But I digress:  the inspiration for this story came when Ellison was at a friend's home for a get-together.  It was Walter Koenig's home, and while in conversation, Ellison overheard a snippet of another conversation wherein they were discussing a boy named Jeffery, who was five, if I'm remembering this correctly.  Ellison misheard it as "Jeffty is Five," and his brain immediately started building that story, right there, in the middle of the party.  In the end, it allowed him to craft one of his best stories, and it all came from something similar to the unconscious use of another's phrasing and transforming it into a bit of poetry.  

Tuesday, February 26, 2019

BLTN (Better Later Than Never): "Other" Books read in 2018

For the past few years, I've been tracking my reading, splitting it up into three categories:  Novels, Non-fiction, and Other.  The first two are relatively self-explanatory; the last one is more malleable, a hodge-podge categorization that allows me to dump whatever doesn't easily fit into the first two into it.  Books I've read under this heading include plays, collections of poetry or short stories, screenplays, novellas, even, this year, an illustrated children's story by a noted novelist.  It's a grab bag, and there's some great stuff to be found in "other."

As noted in previous posts, I've been trying to read works from authors who fall outside my personal demographic -- white, hetero, cis, male, American, in whatever order you choose -- and as I slide across my spreadsheet from left to right, I find myself veering farther away from this self-imposed mandate.  Which can definitely be seen as a failing on my part, but it is also an opportunity to do better this year.  Without having logged my reading, in this manner, I am certain that, anecdotally, I would believe I am doing very well with this aspiration; the data states otherwise.

Only 3 of the authors in this category are female.  Of the 15 men remaining, one is gay, that I know of, one is African-American, one is Japanese, and one is of Afghan descent.  Not stellar work on finding diverse voices, on my part.  But it gives me something to aspire to this year.

I read three plays in 2018 (one of them in two parts):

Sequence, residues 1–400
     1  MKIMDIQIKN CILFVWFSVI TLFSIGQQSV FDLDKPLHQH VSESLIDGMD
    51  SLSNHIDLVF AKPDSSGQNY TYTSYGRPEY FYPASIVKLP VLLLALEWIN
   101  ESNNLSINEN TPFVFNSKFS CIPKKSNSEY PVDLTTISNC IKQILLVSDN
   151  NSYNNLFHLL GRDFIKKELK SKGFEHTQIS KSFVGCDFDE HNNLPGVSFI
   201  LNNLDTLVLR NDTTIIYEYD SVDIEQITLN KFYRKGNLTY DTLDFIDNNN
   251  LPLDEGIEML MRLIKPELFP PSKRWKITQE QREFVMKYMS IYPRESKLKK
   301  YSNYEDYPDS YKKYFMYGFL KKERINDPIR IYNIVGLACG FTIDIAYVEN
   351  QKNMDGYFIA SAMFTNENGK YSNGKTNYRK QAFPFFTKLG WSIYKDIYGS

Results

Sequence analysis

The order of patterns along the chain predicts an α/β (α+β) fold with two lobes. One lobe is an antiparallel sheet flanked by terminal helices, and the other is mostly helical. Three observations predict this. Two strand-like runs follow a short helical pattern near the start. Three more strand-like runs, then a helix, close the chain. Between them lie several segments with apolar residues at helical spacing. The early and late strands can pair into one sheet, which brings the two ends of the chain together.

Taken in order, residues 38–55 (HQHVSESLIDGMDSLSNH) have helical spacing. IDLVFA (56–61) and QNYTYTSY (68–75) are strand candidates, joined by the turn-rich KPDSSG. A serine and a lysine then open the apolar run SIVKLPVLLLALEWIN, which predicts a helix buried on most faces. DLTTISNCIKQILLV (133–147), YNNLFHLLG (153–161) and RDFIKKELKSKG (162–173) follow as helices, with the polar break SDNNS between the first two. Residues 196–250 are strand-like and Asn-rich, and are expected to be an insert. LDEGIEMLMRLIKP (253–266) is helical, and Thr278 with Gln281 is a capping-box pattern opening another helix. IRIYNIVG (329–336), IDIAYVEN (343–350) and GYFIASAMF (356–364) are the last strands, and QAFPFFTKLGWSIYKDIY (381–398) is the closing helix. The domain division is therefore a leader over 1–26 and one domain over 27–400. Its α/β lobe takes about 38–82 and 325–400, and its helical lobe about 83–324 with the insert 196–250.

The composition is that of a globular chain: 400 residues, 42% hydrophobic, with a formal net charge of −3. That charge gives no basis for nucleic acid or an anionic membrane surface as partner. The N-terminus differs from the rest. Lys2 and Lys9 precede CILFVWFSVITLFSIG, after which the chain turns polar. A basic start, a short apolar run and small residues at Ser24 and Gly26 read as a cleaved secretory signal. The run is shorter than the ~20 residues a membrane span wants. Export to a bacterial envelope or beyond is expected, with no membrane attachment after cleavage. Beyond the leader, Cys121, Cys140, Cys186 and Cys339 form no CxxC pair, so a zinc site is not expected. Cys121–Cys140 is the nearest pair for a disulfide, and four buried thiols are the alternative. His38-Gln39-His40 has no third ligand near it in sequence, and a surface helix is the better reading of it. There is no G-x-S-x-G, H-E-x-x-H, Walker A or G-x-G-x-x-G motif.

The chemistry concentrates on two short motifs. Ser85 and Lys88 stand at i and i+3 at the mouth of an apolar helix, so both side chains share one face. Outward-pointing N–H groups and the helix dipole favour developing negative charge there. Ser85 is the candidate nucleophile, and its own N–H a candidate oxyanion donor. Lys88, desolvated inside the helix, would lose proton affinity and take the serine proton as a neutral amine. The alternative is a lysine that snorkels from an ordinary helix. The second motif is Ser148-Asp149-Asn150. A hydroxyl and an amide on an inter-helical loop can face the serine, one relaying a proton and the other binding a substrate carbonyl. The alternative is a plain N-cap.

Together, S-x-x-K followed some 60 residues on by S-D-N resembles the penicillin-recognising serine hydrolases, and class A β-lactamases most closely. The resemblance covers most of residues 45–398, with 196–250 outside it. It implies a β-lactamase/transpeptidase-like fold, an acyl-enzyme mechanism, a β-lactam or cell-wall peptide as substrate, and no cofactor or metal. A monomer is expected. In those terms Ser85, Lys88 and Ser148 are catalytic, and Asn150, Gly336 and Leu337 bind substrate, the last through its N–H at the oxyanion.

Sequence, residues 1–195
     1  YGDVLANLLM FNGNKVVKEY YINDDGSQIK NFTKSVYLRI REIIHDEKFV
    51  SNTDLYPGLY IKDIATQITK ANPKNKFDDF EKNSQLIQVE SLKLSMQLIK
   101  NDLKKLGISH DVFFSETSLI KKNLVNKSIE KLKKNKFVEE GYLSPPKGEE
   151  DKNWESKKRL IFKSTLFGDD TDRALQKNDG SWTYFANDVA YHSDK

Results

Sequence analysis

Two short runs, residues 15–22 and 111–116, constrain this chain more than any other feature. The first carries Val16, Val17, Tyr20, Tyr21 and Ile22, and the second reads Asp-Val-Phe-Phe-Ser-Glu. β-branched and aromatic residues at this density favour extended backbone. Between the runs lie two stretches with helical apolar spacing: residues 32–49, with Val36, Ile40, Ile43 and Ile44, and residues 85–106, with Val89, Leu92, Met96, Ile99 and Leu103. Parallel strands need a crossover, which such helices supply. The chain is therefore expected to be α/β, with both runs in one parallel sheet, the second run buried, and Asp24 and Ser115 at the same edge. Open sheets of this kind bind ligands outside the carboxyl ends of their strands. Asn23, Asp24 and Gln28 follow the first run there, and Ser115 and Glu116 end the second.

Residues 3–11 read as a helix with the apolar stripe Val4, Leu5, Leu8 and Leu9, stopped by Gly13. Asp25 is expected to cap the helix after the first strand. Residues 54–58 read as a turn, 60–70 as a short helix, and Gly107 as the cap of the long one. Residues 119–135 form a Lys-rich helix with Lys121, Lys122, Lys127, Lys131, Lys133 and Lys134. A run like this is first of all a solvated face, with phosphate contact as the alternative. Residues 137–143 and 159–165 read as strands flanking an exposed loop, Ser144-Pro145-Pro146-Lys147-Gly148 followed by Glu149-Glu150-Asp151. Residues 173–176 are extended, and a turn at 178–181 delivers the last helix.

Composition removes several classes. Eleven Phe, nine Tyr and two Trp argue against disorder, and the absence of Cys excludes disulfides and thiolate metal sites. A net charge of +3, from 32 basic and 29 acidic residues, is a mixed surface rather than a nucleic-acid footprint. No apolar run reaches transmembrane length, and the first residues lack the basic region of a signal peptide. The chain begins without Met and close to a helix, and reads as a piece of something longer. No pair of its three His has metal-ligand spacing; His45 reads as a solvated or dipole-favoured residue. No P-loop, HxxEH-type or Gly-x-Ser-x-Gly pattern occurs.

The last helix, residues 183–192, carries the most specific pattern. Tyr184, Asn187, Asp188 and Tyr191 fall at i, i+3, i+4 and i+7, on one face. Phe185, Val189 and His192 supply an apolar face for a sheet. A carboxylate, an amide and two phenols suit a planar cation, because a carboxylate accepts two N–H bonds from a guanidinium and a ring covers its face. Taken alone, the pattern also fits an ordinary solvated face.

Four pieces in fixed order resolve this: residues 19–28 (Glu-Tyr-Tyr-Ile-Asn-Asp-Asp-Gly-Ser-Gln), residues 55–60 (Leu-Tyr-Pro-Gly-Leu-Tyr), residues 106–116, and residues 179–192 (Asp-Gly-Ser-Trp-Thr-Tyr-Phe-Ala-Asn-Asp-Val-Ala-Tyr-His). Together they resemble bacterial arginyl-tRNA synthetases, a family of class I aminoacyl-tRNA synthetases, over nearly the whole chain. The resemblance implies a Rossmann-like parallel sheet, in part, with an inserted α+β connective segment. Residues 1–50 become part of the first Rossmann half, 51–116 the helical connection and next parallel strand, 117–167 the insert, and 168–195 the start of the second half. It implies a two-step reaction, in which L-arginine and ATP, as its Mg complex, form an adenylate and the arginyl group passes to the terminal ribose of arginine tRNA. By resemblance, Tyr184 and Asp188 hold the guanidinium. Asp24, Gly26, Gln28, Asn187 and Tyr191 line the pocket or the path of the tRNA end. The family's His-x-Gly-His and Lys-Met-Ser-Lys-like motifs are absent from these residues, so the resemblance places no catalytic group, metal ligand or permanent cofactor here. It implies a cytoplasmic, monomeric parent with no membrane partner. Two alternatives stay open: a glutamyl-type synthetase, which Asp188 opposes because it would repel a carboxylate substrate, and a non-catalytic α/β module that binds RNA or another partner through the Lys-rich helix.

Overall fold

"All the Way" by Robert Schenkkan about LBJ's effort to push through civil rights legislation.  Having seen the film adaptation first, I was curious to understand how the playwright and director managed to switch between so many different settings.  It was a fascinating conundrum, and one they achieved through a minimum of set dressing, while utilizing a chorus section for the many players to go in and out of, utilizing the audience's imagination to fill in the details needed for the drama.  It's something I wish I could have experienced, myself.

"Angels in America" parts 1 & 2 by Tony Kushner.  The epic play about the AIDS epidemic in America, during the 80s and early 90s.  This was just an amazing piece of writing.  The dialogue, the characterizations, the settings and experiences of the characters.  A powerful play and something to aspire to.

"The Piano Lesson," by August Wilson.  This is the second play of Wilson's that I've read, and it was just as incredible as "Fences."  Set in early-20th century America, in the middle of the Depression, it follows an African-American family as they argue over their legacy.  What should they do with the piano that sits in the front room, unused.  A family heirloom, one member wants to sell in order to buy land, while another insists they must keep it.  The drama, and tension, surrounding this disagreement escalates until the threat of violence becomes all too real.  I won't spoil the end, but will only say:  seek out the work of August Wilson; you won't be disappointed.

Surprisingly, I did not get to any Shakespeare last year.  I need to remedy that, soon.

A couple of notable short story collections I read were Jhumpa Lahiri's "Unaccustomed Earth" and Mariana Enriquez's "Things We Lost in the Fire."  Both of these collections were incredibly satisfying.  Lahiri's deft use of language and ability to craft stories that, although steeped in her Indian heritage, are terribly relatable is, if not unmatched, at least unsurpassed.  Her writing is always engaging and enthralling.

Mariana Enriquez was an author I'd never heard of, but found in my search for female authors outside of the American/European mold.  An Argentine author, Enriquez's stories were affecting and engaging, infusing family dramas and teen rebellion with a spark of magical realism made popular by writers south of the American border.  This was a great collection.